Experiences are often very personal. Everyone’s genetic makeup is different and therefore react differently to different supplements and drugs. Additionally, everyone’s baseline levels are different. And to make matters even more complicated, some people are more in tune with how their bodies react to certain supplements moreso than others. So like any review of a movie or a book, this review is fairly subjective and only based on my personal experience.
With the caveats out of the way, I have to say that I’m fairly disappointed by the product, especially given the price point. Because they sell the Nexus and Mitogen stacks as a package, I bought both to test out the synergistic effects of the combo. At a price of over $100 for 30 servings of each is objectively pretty fair. But $100 to pay to test out nootropics is a bit of a hefty price to pay, especially when it doesn’t work as well as you expect. I took Nexus alone and also in combination with Mitogen. There was no noticeable difference.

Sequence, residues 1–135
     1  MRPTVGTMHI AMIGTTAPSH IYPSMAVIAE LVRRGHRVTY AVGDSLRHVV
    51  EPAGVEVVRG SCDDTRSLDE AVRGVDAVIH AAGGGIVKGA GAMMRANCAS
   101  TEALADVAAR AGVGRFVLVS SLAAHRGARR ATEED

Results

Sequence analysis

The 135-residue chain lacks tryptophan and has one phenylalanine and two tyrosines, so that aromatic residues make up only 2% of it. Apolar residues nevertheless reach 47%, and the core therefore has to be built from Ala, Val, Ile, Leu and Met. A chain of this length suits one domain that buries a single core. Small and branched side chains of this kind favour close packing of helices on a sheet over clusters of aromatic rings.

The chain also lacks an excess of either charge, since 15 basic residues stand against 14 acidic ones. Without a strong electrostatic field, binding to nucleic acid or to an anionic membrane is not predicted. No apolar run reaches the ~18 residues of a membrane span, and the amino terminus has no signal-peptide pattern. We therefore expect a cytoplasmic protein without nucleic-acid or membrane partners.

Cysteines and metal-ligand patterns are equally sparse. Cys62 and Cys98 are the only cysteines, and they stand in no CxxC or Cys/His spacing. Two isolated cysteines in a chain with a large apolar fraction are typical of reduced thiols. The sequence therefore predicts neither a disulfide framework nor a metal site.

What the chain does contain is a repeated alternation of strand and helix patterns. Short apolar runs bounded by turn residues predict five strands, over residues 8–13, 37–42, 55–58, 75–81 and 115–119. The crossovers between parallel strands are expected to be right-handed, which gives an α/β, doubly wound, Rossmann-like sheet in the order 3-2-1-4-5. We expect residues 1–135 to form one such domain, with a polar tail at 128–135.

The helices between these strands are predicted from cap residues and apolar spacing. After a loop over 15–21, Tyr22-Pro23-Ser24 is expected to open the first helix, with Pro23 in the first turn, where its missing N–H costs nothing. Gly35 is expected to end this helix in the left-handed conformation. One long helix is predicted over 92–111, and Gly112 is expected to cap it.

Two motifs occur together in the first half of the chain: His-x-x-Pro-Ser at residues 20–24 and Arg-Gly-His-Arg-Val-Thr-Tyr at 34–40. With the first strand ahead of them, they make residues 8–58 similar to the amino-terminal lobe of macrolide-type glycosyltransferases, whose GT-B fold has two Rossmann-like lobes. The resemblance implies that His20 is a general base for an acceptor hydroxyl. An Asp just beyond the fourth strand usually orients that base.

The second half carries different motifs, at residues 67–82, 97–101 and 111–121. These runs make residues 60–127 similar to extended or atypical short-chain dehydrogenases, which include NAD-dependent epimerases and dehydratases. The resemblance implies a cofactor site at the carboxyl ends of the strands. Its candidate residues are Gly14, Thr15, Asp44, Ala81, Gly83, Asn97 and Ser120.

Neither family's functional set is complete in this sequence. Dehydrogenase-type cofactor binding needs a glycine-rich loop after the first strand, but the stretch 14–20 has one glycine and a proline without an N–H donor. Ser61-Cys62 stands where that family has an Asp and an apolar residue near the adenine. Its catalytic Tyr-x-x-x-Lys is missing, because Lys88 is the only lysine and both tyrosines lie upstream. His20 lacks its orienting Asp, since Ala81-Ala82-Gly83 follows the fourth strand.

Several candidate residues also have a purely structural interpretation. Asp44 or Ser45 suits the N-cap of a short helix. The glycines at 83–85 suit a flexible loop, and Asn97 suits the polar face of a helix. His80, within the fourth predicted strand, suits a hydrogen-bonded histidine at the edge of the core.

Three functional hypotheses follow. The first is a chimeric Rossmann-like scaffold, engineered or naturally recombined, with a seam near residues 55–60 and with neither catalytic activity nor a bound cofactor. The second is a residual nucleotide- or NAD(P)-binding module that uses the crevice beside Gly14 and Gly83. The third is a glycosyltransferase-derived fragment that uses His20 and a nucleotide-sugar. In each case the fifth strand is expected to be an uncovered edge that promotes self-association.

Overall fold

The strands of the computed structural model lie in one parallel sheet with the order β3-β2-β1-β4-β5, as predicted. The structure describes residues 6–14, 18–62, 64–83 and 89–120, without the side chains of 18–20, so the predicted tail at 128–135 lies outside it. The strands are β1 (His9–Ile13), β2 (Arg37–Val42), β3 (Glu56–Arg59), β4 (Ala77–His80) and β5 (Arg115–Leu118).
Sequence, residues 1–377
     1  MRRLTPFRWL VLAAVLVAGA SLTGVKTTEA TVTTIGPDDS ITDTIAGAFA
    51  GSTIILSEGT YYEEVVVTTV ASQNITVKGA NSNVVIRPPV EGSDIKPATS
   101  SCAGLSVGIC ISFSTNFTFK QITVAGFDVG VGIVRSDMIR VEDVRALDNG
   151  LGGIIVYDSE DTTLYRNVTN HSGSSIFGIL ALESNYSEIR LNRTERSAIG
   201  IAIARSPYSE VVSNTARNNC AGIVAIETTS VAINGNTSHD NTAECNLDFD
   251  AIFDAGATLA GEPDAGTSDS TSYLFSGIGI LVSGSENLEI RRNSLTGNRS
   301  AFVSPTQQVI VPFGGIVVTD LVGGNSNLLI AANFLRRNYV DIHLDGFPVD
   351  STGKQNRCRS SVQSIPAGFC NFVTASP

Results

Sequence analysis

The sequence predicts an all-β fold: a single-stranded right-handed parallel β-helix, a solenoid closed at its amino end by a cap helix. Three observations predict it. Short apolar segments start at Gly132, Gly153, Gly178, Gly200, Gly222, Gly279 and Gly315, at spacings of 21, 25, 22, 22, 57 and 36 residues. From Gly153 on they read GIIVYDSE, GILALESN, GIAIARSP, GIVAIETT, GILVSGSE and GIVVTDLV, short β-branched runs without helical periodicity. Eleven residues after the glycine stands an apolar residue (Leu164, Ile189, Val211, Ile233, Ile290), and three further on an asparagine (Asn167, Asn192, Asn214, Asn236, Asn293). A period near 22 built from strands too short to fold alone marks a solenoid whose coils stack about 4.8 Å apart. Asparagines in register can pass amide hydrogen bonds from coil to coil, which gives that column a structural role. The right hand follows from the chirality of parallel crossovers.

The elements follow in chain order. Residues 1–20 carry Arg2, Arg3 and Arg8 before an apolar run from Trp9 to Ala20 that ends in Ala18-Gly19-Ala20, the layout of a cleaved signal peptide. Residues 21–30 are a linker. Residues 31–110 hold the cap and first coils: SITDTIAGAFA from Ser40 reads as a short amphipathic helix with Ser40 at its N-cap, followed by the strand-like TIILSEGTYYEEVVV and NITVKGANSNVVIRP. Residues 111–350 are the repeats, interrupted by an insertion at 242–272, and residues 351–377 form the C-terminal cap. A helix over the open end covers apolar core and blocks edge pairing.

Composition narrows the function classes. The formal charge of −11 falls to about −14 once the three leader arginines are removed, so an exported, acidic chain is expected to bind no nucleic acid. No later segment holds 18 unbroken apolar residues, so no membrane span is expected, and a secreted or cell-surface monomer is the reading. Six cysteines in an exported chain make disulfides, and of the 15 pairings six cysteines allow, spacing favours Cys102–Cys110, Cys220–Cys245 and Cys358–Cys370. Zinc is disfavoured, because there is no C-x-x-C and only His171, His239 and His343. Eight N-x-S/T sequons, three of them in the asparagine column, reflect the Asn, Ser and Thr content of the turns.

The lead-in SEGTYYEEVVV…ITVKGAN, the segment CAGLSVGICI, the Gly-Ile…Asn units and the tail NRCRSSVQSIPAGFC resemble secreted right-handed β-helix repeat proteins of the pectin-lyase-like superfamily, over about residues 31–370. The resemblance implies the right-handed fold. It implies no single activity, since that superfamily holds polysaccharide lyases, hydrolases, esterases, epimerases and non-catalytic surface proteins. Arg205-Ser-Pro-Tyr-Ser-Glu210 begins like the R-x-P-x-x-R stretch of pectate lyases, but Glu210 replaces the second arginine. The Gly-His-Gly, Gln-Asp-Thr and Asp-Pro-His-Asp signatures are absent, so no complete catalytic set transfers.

Like I mentioned before, it seems that Nexus is built around aniracetam and everything else that is included in the blend is trying to support aniracetam and its mechanism of action. I have not taken aniracetam alone but it is supposed to increase focus and attention. I did not feel that at all.